Tuesday, December 13, 2005

 

How Do You Know a Good College When You See One?

“There are market tests for institutional performance.” – Stephen Karlson, Cold Spring Shops

Well, yes and no.

How do you measure how well a college is doing its job?

I read two thoughtful pieces today that directly conflicted on this question. One was the entry over at Cold Spring Shops, quoted above. It was a piece on the long-term need for colleges to maintain high standards so employers will continue to value the degrees they award. The other was Jim Collins’ recent article/monograph (it’s an article, but he sells it as a monograph – who says business writers aren’t sharp?), “Good to Great and the Social Sector.” There, Collins suggests that the standard measure of institutional success for businesses – money – doesn’t work for nonprofits, since that isn’t their mission. Collins instead settles on reputation as a sign of success, which strikes me as shaky. Reputation is, at best, a trailing indicator.

Neither quite seems to get it right, but I don’t have a well-thought-out alternative at hand, either.

The academic prestige hierarchy (a version of Collins’ ‘reputation’) is almost purely based on inputs, rather than outputs. Pour lots of research money and some high-SAT undergrads into a university, add a good football team, and voila! Selectivity of admissions correlates very strongly with academic prestige, regardless of what the teachers in the classrooms actually do. As a former professor of mine put it, “we don’t often turn a silk purse into a sow’s ear.” Give me a college full of valedictorians, and I’ll give you a great job placement record, even if the undergrads spend all four years majoring in beer. I’d wager any sum you please that the best community college in America has a higher attrition rate than the worst Ivy.

(Actually, that suggests a good exercise: Quick, name the five best community colleges in America! If you have no idea, you see the problem.)

Employers’ reactions – what I take to be CSS’s preferred measure – are also fickle. I saw that directly at my previous school. During the late-90's boom, we couldn’t produce graduates fast enough; one of the major drivers of attrition then was employers poaching students before they graduated! When the bubble burst, so did our placement record. The faculty did not meaningfully change in two years, but the market did.

More to the point, employers’ reactions are often based on watered-down versions of the academic prestige hierarchy anyway, laced with personal ties. It would be lovely to assume that employers keep close tabs on the outcomes assessments at the colleges and universities and hired accordingly, but most don’t. Most employers don’t have access to that kind of information (keep in mind, most employers are small, distracted, and busy). Yes, a few elite technical programs in very specific fields may command specific respect based on quality, but those are very much in the minority. Outside of that rarified stratum, one degree largely resembles another. (If that were not the case, the University of Phoenix could not have grown as quickly as it has.)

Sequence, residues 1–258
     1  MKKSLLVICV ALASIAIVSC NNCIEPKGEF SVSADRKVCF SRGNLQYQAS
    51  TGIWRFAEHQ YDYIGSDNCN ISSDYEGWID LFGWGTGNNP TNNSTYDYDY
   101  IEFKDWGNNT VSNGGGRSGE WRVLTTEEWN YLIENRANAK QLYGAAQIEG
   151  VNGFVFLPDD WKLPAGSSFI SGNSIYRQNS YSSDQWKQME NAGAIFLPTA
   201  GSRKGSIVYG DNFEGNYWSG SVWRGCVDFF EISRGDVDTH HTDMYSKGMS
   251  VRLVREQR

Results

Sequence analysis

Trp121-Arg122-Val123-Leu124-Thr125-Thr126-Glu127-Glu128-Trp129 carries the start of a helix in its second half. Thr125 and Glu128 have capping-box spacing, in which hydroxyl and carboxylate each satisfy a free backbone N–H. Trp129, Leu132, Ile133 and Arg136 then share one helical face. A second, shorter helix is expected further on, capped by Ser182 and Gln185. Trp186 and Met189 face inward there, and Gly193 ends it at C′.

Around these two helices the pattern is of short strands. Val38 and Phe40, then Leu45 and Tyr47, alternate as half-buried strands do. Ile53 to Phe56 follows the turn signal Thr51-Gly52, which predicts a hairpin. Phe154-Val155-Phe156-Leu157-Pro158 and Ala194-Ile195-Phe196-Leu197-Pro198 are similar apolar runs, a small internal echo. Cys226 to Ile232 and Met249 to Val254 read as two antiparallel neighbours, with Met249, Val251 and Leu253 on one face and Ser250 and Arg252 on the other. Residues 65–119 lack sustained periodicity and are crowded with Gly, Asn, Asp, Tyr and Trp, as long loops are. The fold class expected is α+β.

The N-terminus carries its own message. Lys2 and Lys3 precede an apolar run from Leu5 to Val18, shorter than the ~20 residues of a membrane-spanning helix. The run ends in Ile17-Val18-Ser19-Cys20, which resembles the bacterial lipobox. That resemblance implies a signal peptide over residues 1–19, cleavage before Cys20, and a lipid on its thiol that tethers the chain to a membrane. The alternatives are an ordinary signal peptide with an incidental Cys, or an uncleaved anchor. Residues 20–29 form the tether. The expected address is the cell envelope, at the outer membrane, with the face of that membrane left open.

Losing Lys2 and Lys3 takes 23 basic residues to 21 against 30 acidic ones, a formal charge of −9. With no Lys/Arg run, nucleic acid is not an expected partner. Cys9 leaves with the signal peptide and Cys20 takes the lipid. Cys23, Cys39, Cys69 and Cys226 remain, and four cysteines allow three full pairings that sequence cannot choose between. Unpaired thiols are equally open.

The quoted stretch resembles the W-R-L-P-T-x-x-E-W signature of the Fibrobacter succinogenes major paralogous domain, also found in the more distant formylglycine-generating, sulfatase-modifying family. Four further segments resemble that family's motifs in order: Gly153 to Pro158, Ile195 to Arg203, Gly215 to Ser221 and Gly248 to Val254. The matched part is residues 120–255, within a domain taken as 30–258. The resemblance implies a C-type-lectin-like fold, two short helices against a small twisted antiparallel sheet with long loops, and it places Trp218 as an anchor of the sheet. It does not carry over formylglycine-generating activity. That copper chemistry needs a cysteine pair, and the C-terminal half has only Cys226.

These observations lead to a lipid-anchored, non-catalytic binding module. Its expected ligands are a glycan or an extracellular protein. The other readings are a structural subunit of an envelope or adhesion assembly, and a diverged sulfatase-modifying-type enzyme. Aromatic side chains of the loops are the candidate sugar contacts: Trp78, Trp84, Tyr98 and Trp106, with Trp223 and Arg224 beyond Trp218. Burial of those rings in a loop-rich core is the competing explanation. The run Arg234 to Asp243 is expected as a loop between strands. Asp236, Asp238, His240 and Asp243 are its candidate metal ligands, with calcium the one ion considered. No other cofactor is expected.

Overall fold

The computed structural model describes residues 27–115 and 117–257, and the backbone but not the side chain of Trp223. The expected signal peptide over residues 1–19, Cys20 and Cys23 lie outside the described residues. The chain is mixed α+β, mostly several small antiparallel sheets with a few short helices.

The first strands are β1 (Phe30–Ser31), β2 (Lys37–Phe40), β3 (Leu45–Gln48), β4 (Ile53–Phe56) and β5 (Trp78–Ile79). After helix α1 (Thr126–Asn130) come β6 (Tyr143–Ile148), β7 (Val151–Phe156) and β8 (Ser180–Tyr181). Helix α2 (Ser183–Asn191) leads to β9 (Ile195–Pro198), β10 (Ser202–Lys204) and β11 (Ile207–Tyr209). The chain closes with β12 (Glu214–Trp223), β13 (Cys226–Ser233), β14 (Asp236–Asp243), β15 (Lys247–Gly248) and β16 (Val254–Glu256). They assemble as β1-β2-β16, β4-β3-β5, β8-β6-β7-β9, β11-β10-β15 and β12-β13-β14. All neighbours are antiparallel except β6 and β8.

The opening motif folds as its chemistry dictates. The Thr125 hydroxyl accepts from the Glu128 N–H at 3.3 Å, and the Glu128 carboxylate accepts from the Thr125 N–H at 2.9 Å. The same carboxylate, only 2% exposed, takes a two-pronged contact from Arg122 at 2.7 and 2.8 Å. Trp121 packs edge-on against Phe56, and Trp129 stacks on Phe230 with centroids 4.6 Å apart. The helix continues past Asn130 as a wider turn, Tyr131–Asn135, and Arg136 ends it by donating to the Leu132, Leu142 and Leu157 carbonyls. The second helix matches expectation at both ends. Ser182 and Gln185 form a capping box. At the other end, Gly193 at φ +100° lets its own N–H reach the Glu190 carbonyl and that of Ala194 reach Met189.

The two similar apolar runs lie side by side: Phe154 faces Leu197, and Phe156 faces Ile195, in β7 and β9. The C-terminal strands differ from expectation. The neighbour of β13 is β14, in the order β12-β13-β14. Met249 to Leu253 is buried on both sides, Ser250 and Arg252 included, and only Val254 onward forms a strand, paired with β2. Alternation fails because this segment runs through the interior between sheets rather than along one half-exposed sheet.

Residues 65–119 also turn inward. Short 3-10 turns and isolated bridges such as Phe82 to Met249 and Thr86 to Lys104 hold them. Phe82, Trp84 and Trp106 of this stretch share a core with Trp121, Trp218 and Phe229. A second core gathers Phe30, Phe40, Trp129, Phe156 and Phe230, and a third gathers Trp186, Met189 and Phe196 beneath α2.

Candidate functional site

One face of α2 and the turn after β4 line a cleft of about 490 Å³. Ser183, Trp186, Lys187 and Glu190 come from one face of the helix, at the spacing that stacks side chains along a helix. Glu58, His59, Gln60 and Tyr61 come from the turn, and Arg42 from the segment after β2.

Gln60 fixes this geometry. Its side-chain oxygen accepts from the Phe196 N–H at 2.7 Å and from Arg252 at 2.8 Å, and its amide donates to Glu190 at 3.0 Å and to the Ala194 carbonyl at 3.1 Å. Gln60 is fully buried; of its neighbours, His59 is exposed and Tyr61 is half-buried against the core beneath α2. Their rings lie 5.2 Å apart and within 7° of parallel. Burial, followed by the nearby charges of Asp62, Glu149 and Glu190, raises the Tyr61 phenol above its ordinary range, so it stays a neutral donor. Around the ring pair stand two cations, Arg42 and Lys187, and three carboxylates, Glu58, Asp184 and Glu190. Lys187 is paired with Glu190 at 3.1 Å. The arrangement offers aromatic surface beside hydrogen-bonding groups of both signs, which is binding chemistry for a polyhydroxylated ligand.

So, how do you know if a given college is ‘good’?

I have my own biases, but that’s all they are. I prefer schools that know their own mission to those that don’t; community colleges, potted Ivies, and R1's, as different as they are, at least know their missions. The Midtier States of the world often don’t. I prefer schools that don’t limit themselves demographically, but I freely concede that, say, Wellesley probably offers a better history major than Midtier State.

Others have their own biases: some swear by women’s colleges, others use football prowess as an indicator. Some prefer all-undergrad campuses, others use graduate program prominence as a proxy indicator for the quality of undergraduate teaching (a colossal mistake, imho).

I’ve been thinking about this lately as I’ve struggled with ways to improve the reputation of my own cc. It’s pretty well-respected in its community already, which is great, but there’s always room to do better. The problem is that I honestly don’t know where reputations come from.

Vox Blogosphere, Vox Dei: how do you know a good college when you see one?



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